Bulletin of Volcanology

, Volume 53, Issue 6, pp 420–435

Anatomy of 1986 Augustine volcano eruptions as recorded by multispectral image processing of digital AVHRR weather satellite data

  • Rick E Holaske
  • William I Rose

DOI: 10.1007/BF00258183

Cite this article as:
Holaske, R.E. & Rose, W.I. Bull Volcanol (1991) 53: 420. doi:10.1007/BF00258183


Eighteen digital AVHRR (advanced very high resolution radiometer) data sets from NOAA-6 and NOAA-9 polar-orbiting satellites recorded between 27 March and 7 April 1986 depict the eruptive activity of Augustine volcano, located 280 km SW of Anchorage, Alaska. The synoptic view (resolution of either 1.1 or 4.4 km), frequent coverage (often twice a day), and multispectral coverage (five bands: 0.58–0.68; 0.72–1.1; 3.55–3.93; 10.5–11.3; and 11.5–12.5 μm) makes the AVHRR broadly applicable to analyzing explosive eruption clouds. The small scale of the Augustine activity (column heights of 2–13 km and eruption rates of 2x106–8x107 metric tonnes/day) facilitated intensive multispectral study because the plumes generally covered areas within the 550x550 km area of one easily manipulated image field. Hourly ground weather data and twice-daily radiosonde measurements from stations surrounding the volcano plus numerous volcanological observations were made throughout the eruption, providing important ground truth with which to calibrate the satellite data. The total erupted volume is estimated to be at least 0.102 km3. The pattern of changing eruption rates determined by satellite observations generally correlate with more detailed estimates of explosion magnitudes. Multispectral processing techniques were used to distinguish eruption clouds from meteorological clouds. Variable weather during the Augustine eruption offered an opportunity to test various trial algorithms. A ratio between thermal IR channels four and five, served to delineate the ashbearing eruption plumes from ordinary clouds. Future work is needed to determine whether the successful multispectral discrimination is caused by wavelength-dependent variable emission of silicate ash or reflects a spectral role of sulfuric acid aerosol in the plume.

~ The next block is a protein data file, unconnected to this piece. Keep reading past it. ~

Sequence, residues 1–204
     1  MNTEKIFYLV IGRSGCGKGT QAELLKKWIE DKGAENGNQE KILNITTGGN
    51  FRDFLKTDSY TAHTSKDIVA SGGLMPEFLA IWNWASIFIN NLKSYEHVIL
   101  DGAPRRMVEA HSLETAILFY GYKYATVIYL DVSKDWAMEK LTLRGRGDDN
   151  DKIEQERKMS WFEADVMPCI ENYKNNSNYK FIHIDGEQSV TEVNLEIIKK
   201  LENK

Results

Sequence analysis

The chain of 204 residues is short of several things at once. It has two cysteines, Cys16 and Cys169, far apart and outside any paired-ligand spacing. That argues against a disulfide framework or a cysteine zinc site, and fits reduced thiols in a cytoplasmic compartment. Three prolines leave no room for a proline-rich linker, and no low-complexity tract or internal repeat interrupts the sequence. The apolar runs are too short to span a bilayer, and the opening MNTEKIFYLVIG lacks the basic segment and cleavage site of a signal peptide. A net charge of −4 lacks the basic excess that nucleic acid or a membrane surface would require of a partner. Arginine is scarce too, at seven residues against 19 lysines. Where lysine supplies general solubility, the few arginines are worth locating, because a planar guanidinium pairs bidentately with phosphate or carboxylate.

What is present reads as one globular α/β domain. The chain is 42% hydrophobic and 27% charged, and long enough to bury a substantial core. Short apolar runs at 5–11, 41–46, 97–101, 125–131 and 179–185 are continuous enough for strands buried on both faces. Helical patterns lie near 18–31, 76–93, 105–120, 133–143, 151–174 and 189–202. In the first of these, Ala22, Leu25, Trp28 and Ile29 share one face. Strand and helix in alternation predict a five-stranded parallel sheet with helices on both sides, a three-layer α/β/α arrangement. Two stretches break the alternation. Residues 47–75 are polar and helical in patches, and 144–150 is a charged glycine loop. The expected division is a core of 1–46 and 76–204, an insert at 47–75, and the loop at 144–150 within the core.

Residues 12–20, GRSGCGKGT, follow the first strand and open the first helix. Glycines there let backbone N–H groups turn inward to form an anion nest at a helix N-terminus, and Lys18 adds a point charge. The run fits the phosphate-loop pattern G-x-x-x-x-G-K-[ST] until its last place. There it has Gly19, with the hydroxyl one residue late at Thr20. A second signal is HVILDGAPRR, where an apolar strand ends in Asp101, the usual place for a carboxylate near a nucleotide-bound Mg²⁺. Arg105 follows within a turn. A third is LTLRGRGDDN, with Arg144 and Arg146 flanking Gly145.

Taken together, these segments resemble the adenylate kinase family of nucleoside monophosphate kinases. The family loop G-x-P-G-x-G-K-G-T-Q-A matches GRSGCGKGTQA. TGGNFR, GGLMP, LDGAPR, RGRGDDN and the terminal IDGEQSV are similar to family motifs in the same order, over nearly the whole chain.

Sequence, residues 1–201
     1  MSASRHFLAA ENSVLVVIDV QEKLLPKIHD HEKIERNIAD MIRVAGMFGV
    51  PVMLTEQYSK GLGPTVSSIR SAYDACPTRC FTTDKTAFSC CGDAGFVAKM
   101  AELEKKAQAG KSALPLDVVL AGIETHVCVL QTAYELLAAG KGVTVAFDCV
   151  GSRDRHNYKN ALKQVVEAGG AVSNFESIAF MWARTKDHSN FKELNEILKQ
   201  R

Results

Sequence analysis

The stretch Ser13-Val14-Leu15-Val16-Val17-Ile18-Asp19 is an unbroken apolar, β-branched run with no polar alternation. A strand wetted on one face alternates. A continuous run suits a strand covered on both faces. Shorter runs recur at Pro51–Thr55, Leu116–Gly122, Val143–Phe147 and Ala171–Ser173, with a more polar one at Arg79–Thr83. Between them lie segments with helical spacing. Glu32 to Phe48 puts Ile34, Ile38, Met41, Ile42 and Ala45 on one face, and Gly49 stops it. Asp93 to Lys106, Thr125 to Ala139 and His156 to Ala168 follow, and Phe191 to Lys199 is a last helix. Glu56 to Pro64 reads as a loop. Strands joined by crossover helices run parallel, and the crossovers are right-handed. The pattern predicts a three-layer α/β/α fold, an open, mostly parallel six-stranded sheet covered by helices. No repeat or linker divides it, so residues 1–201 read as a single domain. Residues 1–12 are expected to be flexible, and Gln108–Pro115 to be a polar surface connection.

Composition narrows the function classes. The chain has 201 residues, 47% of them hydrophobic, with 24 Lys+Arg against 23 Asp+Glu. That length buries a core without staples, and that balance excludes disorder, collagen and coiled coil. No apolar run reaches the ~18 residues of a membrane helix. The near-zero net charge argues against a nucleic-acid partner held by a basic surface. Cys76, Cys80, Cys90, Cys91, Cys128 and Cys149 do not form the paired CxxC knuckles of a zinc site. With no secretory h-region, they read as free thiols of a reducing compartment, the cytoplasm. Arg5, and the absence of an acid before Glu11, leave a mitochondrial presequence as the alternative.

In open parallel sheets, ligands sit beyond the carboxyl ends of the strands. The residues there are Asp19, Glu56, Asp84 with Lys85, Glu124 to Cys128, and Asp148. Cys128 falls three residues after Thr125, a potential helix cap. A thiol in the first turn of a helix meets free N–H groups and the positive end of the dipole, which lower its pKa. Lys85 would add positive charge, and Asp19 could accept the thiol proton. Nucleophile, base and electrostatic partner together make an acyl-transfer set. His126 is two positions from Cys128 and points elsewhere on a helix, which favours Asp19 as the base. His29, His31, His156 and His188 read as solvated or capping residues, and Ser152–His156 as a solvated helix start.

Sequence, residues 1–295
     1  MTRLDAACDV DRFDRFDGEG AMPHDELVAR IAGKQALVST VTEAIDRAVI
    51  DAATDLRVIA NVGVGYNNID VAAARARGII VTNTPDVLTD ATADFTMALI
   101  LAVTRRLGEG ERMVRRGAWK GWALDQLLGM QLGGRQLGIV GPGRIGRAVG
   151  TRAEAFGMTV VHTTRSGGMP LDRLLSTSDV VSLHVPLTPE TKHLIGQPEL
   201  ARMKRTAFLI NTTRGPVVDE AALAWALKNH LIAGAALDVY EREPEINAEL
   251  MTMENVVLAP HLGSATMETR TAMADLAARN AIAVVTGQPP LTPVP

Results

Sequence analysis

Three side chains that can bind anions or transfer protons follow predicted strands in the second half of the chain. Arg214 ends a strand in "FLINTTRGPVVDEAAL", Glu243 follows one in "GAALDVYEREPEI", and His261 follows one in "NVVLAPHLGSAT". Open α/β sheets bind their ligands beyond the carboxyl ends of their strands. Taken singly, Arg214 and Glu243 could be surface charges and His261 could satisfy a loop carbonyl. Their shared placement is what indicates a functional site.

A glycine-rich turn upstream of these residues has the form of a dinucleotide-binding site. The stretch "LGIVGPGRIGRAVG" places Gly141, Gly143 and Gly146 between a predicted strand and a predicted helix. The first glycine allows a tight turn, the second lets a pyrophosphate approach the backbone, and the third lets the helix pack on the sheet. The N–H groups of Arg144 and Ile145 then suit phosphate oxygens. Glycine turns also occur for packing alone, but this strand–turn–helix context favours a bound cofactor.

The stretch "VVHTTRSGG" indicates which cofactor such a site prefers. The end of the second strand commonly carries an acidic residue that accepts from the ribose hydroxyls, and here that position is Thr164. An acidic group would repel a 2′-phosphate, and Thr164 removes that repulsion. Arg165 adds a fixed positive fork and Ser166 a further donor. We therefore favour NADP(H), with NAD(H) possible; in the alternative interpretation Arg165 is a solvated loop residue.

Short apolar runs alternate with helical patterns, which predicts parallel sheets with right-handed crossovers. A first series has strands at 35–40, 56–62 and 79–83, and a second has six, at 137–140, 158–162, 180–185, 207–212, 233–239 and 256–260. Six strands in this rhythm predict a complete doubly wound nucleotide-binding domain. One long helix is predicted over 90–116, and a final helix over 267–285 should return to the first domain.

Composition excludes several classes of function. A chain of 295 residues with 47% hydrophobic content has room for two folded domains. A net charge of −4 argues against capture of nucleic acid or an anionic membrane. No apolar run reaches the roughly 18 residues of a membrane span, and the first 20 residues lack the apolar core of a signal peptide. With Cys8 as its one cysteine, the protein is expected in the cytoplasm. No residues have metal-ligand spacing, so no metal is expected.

Copyright information

© Springer-Verlag 1991

Authors and Affiliations

  • Rick E Holaske
    • 1
    • 2
  • William I Rose
    • 1
  1. 1.Department of Geological Engineering, Geology, and GeophysicsMichigan Technological UniversityHoughtonUSA
  2. 2.NOAA Climate Analysis CenterCamp SpringsUSA

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